[This is the second of two articles I wrote during my stint with the South Coast Register, and put up here with kind permission of the editor.]
In light of recent problems suffered by Tony Abbott and the federal Liberal Party (not to mention the state Liberal Parties in Queensland and Victoria), it’s ironic that senior cabinet ministers are arguing the chief problem is a failure to properly explain their policies. They need a better ‘narrative’ to get the message across.
In other words, Australians are stupid for not getting the message the first time around.
The truth is that Australians understood the message very well indeed, and have on the whole rejected it. Taxing and punishing the poor while the rich get off virtually scot-free is not considered fair or workable.
No one denies that measures need to be taken to control government spending. But as NSW state member for the South Coast Shelley Hancock said, “The Federal Government has to make tough decisions, but these tough decisions are impacting on the poor.”
While Australians ponder possible changes to Medicare that will penalise them for being sick – what the Government calls a ‘price-signal’ – extraordinarily wealthy mining companies such as Swiss-owned Xstrata reap billions in fuel rebates for the privilege of taking our non-renewable resources such as iron ore. To make matters worse, some of these companies produce their own petroleum products. It’s like the Government giving someone money to buy carrots they already grow in their garden.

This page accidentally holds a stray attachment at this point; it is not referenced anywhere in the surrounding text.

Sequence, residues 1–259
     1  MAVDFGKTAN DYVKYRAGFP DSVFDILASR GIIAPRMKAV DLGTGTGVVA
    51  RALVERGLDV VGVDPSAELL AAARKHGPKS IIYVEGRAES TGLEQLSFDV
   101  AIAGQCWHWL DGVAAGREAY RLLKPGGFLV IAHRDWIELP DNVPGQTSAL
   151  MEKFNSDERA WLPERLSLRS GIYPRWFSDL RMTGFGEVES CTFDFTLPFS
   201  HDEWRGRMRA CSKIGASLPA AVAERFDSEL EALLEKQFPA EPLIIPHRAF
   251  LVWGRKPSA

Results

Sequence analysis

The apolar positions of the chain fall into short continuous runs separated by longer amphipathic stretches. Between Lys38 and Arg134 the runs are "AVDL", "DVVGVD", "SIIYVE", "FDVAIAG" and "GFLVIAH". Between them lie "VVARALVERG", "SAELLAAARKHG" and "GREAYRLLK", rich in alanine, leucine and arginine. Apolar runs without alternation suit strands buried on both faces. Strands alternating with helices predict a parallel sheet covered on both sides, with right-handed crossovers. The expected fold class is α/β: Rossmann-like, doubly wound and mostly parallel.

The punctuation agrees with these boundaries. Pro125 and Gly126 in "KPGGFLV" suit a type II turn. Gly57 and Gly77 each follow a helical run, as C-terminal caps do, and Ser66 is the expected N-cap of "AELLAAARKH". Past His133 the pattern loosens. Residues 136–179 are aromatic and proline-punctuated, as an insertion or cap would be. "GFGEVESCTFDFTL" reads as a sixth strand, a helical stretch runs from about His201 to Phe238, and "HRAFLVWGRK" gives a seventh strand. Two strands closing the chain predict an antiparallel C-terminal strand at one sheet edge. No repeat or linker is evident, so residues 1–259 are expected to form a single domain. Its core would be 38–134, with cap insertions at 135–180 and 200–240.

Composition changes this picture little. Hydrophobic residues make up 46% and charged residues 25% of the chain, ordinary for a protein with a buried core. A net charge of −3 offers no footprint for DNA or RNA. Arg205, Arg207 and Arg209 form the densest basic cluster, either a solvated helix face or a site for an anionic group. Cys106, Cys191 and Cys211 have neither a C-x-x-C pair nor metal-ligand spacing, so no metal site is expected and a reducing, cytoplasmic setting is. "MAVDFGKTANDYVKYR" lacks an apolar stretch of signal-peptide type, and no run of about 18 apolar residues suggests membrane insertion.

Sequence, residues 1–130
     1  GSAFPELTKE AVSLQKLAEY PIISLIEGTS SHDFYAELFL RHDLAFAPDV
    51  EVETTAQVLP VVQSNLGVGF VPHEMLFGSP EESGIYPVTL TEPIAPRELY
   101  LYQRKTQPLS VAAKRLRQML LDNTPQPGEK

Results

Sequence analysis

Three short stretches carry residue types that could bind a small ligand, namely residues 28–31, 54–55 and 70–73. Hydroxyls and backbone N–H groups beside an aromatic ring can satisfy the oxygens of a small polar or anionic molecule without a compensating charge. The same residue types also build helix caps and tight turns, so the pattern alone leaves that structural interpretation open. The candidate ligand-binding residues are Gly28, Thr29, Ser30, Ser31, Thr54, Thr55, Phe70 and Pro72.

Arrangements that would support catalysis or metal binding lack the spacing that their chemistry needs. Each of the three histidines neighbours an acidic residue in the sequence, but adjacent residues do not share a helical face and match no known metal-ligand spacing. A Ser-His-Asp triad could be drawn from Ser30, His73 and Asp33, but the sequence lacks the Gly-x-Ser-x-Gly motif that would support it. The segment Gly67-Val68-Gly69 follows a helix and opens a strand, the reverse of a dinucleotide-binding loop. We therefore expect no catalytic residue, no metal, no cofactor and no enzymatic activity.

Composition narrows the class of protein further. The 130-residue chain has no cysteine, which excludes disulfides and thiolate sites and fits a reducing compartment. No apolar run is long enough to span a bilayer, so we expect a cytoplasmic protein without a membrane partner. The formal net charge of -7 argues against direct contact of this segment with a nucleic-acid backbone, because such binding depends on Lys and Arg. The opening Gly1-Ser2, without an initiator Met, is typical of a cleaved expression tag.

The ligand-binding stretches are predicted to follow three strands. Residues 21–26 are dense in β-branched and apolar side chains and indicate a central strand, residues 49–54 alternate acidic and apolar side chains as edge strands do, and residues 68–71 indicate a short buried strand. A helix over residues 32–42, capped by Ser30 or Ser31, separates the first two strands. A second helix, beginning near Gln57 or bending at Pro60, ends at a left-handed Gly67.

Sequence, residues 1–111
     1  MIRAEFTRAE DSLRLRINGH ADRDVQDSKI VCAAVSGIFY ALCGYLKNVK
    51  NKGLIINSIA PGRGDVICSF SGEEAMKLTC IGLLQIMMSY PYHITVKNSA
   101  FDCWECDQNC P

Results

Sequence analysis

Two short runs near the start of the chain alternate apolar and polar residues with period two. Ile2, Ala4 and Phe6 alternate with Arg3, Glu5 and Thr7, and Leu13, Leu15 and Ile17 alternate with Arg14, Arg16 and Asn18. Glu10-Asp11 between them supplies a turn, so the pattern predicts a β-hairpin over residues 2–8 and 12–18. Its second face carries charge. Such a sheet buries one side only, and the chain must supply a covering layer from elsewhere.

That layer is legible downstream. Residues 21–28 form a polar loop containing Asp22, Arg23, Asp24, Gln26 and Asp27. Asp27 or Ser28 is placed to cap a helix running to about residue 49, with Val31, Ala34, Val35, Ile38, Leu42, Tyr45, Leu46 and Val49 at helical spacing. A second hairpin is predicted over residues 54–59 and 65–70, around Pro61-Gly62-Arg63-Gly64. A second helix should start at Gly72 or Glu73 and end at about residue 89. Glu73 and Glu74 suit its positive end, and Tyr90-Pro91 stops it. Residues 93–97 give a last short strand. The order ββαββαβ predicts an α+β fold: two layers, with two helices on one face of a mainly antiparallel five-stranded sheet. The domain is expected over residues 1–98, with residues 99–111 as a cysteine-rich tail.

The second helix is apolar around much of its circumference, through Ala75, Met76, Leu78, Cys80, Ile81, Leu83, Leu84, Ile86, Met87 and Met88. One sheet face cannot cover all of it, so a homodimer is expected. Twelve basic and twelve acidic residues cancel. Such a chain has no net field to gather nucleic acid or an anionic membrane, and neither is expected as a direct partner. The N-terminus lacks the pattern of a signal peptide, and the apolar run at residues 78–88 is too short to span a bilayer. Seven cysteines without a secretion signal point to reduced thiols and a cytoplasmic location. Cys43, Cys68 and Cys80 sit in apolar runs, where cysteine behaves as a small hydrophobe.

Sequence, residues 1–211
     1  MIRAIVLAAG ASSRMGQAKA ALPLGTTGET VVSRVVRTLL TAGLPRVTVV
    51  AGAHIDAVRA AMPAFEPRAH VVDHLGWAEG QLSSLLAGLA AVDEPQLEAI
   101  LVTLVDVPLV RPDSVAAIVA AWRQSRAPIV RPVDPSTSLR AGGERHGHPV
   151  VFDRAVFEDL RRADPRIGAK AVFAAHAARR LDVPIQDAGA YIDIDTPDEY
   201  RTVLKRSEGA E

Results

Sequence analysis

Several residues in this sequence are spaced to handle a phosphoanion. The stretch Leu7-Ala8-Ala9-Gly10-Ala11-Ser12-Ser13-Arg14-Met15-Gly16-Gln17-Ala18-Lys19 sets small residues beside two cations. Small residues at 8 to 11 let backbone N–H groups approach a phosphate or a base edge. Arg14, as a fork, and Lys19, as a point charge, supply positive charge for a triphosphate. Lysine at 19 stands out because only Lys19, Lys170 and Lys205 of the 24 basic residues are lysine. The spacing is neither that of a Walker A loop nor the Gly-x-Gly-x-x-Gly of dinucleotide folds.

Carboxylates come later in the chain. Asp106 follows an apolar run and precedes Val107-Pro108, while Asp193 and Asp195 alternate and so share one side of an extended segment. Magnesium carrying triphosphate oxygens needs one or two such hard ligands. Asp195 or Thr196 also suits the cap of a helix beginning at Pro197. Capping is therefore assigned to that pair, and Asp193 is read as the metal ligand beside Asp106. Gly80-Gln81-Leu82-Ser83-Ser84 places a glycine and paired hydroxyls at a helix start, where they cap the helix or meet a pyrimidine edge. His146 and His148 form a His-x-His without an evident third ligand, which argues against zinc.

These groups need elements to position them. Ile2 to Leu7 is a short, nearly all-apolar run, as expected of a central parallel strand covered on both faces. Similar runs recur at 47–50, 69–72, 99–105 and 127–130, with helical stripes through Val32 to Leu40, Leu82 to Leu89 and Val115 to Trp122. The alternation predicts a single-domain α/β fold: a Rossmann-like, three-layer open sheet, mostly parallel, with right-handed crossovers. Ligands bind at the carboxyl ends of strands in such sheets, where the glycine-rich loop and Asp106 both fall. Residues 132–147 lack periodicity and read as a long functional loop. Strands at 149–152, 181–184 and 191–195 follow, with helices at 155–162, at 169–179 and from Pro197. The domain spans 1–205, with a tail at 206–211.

Xstrata might argue that since their trucks and diggers and earth movers don’t run on publicly funded roads and highways, the rebate on the fuel excise is only fair. But if that argument is solid, people without children should also deserve a rebate for that portion of their income taxed for schools and universities, and people who don’t suffer illness should be able to renege on the Medicare levy.
This is not the only example of our Government’s largesse towards those who need it least.
The Abbott government won power in part because it promised to abolish the carbon tax. While not the most popular Julia Gillard initiative, it at least had the virtue of punishing polluters for polluting – what the current Government might refer to as a ‘price-signal’. Abbott’s scheme to counter climate change, Direct Action, forces Australians to pay polluters for reducing their carbon emissions: in effect, a new tax. This from a government that swore it would not introduce taxes that “are yet another hit on the cost of living of struggling Australian families”.
There are changes the government could make right now that could save them billions in spending – including cutting the diesel rebate to miners, most of them businesses with a majority of overseas’ shareholders, and using cheaper drugs in the Pharmaceutical Benefits Scheme. Just these two actions could save the budget $3.3 billion a year.
It does seem that the present government’s budget plans involve transferring what little wealth we have to those who have wealth aplenty. In effect, we’re being punished for the privilege of not being rich.